Is global warming responsible for California’s destructive storms?

January 19, 2023


This month’s storms that wreaked havoc on California, especially the Central Coast, do not appear to have been caused by global warming, climate scientists say. [LA Times]

Scientists are still studying the size and severity of the recent storms. But, initial assessments suggest the destructive nature of the storms had more to do with California’s historic drought-to-deluge cycles, mountainous topography and aging flood infrastructure than with greenhouse gas emissions.

“Assuming that these storms were driven by global warming would be like assuming an athlete who breaks a record was on steroids,” said Alexander Gershunov, a climate scientist at the Scripps Institution of Oceanography.

The series of atmospheric rivers that pummeled California this month seems akin to other major storms that struck the state at least once a decade since researchers began keeping records in the 1800s.

Southern California experienced the “Great flood of 1938,” which killed more than 100 people and left thousands homeless. Other intense storms occurred in 1964, 1969, 1982, 1995 and 2005. In 2017, a series of atmospheric rivers eroded the main and emergency spillways at Oroville Dam, forcing thousands of residents to evacuate.

Nonetheless, some climate scientists predict more frequent mega-storms fueled by warming oceans and a thirstier atmosphere, resulting from global warming.

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Stop Global Whining!


Except to the “flat earth society”, climate change is obvious. The question is what to do about it? Answer, prepare for the impacts.

The Global Warming Religion has the timeline of a Gnat. This in not climate change, it’s nature doing its thing.

Lest we fortget…..This last fall the weather ‘experts’ told us we are still in a La Nina cycle and could expect another winter of drought!


For an eye opening and proper understanding of the 2000+ years long California pattern of decadal drought interrupted by epic precipitation and snowfall, please research the 1861/62 California Mega Flood. The rain/snowfall started in November 1861 and by January 1862, unimaginable vast tracts of California were under water. The entire San Joaquin Valley and most of Sacramento Valley were enormous lakes. The Dublin/San Ramon/Pleasanton/Livermore Valley was a huge lake. Southern California was not spared as huge lakes formed in the Los Angeles Basin, Mojave Desert, and in the San Diego Area. This wasn’t short term flooding, either. The lakes persisted for weeks and months before the waters subsided. The state’s major mountain ranges held gargantuan snowpacks that continued to feed floodwaters during the months of spring/summer snowmelt. The endless onslaught of atmospheric rivers that delivered Biblical level rainfall in the Winter of 1861/62 makes the winters of 1969, 1973, 1995, and 2023 look like mild afternoon showers by comparison.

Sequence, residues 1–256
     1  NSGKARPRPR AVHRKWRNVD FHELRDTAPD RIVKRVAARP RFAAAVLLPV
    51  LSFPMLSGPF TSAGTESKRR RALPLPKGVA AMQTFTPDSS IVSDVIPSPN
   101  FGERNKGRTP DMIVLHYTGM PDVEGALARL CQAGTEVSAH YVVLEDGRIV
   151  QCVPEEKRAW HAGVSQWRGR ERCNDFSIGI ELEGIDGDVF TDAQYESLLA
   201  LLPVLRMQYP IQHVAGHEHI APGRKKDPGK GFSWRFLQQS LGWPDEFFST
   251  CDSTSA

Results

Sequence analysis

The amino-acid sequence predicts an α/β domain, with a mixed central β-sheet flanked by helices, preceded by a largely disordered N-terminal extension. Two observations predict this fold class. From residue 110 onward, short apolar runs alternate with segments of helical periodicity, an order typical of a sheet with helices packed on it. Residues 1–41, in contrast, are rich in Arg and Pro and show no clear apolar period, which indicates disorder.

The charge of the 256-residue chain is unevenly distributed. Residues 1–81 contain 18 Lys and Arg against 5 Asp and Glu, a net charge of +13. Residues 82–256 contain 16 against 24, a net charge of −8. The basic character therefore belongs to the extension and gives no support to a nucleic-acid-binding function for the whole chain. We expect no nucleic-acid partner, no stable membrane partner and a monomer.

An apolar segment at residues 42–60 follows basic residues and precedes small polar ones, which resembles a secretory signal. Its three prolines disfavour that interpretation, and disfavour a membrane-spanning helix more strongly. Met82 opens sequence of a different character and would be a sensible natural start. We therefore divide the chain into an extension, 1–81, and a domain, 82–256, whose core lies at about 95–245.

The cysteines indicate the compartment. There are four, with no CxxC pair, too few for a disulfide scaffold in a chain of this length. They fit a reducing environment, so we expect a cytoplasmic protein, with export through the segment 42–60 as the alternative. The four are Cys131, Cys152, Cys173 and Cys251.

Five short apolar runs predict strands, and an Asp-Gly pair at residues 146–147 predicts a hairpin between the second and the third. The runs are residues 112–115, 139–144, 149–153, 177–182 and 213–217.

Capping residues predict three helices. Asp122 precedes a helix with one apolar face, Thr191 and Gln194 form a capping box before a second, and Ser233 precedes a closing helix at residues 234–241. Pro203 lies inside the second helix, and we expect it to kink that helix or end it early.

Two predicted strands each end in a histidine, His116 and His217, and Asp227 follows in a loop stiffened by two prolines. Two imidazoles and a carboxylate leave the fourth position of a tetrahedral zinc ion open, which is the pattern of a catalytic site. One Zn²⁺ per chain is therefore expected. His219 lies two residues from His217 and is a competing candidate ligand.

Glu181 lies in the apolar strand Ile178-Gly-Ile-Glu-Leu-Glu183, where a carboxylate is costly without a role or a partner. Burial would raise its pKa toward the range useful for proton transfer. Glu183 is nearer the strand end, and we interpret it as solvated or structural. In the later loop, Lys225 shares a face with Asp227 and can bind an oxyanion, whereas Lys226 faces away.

The effects weren’t just felt in California. The entire West Coast, Nevada, British Columbia, and Northwest Mexico were similarly impacted. A time frame of twenty years, thirty-five years, even a lifetime isn’t long enough to fully appreciate what Mother Nature has a habit of delivering to our state. It happened before and will happen again at some point. Research and learn about this story of California’s history and normal climate pattern. A good starter reference on this subject is the article about the California Megaflood that appeared in Scientific American in 2013.